Immunization rates for teenagers in Rhode Island are among the highest in the country, according to new data released by the Centers for Disease Control and Prevention (CDC).
"A core function of public health is preventing illnesses and injuries before they occur. Vaccines are one of the most effective prevention tools available to us today. Countless kids were spared the serious health consequences of many diseases because Rhode Island communities are so well vaccinated," said Nicole Alexander-Scott, MD, MPH, Director of the Rhode Island Department of Health (RIDOH). "Our immunization rates also have a significant impact on our overall healthcare costs as a state. Working to eliminate financial barriers to vaccination is part of our work at RIDOH to give everyone in Rhode Island, no matter what zip code they come from, an equal opportunity to thrive."
The data were gathered through a version of the National Immunization Survey that focuses on children from 13- to 17-years-old (NIS-Teen). Surveyors made randomized telephone calls to parents and guardians. The information they provided was confirmed with the child's healthcare provider. The study revealed that:
90% of Rhode Island girls and 88% of Rhode Island boys received at least one dose of Human papillomavirus (HPV) vaccine, the highest rates in the country, and much higher than the national averages for the first dose of HPV vaccine: 65% for girls and 56% for boys.* HPV is a very common virus that can lead to cancer in males and females. 95.4% of Rhode Island teens received the combined vaccine called Tdap, which protects against tetanus, diphtheria, and acellular pertussis.* This was the second highest rate in the nation. 96.4% of Rhode Island teens received at least one dose of Meningococcal Conjugate vaccine, the highest rate in the country.*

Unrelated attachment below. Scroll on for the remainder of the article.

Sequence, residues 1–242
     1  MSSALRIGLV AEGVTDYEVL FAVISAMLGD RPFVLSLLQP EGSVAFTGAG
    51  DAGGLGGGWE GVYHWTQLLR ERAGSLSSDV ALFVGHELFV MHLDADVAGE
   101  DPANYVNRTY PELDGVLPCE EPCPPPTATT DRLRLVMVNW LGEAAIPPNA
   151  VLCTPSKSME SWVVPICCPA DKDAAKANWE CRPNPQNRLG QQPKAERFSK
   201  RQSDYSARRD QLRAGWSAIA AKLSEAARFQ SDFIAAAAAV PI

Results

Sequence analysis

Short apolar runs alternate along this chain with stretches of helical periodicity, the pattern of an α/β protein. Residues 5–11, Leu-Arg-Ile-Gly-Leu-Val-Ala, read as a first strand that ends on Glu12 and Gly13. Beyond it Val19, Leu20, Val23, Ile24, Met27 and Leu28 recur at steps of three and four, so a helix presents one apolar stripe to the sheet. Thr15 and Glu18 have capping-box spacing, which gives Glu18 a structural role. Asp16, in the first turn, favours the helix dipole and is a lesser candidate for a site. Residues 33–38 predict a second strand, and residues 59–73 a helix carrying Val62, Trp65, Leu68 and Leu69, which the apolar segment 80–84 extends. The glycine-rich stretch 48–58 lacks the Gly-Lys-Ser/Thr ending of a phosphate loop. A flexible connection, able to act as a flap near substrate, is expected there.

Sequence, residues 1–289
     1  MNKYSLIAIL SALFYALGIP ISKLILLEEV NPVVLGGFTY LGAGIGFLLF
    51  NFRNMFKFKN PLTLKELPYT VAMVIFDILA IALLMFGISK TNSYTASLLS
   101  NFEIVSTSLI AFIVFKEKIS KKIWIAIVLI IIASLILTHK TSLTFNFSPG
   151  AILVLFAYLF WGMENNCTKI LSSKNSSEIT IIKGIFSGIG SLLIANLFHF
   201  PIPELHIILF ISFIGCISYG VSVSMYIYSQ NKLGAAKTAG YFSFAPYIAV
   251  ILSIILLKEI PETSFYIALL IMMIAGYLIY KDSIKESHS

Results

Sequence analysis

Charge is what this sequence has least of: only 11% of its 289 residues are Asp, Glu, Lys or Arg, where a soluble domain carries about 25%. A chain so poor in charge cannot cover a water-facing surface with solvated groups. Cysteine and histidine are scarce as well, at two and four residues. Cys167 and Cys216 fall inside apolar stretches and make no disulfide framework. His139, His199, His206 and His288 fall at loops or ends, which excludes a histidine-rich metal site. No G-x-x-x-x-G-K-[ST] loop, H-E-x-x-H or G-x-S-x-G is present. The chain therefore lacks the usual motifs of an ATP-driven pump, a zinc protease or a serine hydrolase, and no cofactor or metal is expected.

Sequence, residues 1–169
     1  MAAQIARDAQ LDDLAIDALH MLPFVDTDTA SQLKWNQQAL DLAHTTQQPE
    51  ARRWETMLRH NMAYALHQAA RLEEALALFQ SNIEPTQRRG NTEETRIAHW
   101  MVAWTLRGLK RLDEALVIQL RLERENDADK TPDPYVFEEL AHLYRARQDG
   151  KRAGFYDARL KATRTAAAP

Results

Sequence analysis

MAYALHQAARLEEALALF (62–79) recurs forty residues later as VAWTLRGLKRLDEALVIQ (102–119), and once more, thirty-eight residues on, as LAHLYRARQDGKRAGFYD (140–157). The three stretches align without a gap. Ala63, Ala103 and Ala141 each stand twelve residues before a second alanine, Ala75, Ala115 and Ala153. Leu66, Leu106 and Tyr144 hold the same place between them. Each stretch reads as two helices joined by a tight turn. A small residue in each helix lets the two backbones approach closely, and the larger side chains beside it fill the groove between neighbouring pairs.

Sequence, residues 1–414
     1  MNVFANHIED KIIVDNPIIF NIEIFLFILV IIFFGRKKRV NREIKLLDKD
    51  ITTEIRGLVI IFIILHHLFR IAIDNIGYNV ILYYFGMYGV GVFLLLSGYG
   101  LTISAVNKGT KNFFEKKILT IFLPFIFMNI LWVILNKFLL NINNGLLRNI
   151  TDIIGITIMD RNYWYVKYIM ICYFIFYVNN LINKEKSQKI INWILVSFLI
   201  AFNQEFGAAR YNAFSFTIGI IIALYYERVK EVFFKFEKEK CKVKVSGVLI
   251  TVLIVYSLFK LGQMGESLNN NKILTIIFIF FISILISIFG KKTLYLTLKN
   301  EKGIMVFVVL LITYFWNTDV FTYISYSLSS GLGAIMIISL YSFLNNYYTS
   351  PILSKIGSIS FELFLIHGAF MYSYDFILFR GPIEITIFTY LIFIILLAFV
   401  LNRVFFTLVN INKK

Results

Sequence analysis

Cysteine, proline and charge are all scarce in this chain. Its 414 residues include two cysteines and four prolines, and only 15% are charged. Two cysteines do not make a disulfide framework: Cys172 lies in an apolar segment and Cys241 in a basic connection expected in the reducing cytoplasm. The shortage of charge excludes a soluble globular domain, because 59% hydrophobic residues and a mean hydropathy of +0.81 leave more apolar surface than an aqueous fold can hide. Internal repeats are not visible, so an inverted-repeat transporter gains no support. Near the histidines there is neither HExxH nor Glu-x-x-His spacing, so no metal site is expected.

Vaccines are provided to all children in Rhode Island at no cost to the child's family or the child's healthcare provider through funding provided by insurers and funding from the federal government. In addition to the accessibility of vaccines, other factors in Rhode Island's immunization success include the hard work of all Rhode Island healthcare providers and public health practitioners; KIDSNET, a statewide health information system; and Vaccinate Before You Graduate, a vaccination catch-up program offered in all Rhode Island middle and high schools.
According to a CDC study published in 2014, childhood vaccines prevented 21 million hospitalizations nationally and resulted in $295 billion savings in direct medical costs nationally between 1994 and 2013.
The most recent National Immunization Survey data were gathered during 2016.
*It is important to note that the coverage rates produced by NIS are estimates—often referred to as point estimates. Because a random sample of telephone numbers is taken, these rates have an associated statistical margin of error. Due to statistical uncertainty (i.e. sampling error) in the estimates, Rhode Island's true vaccination rates may be slightly higher or lower.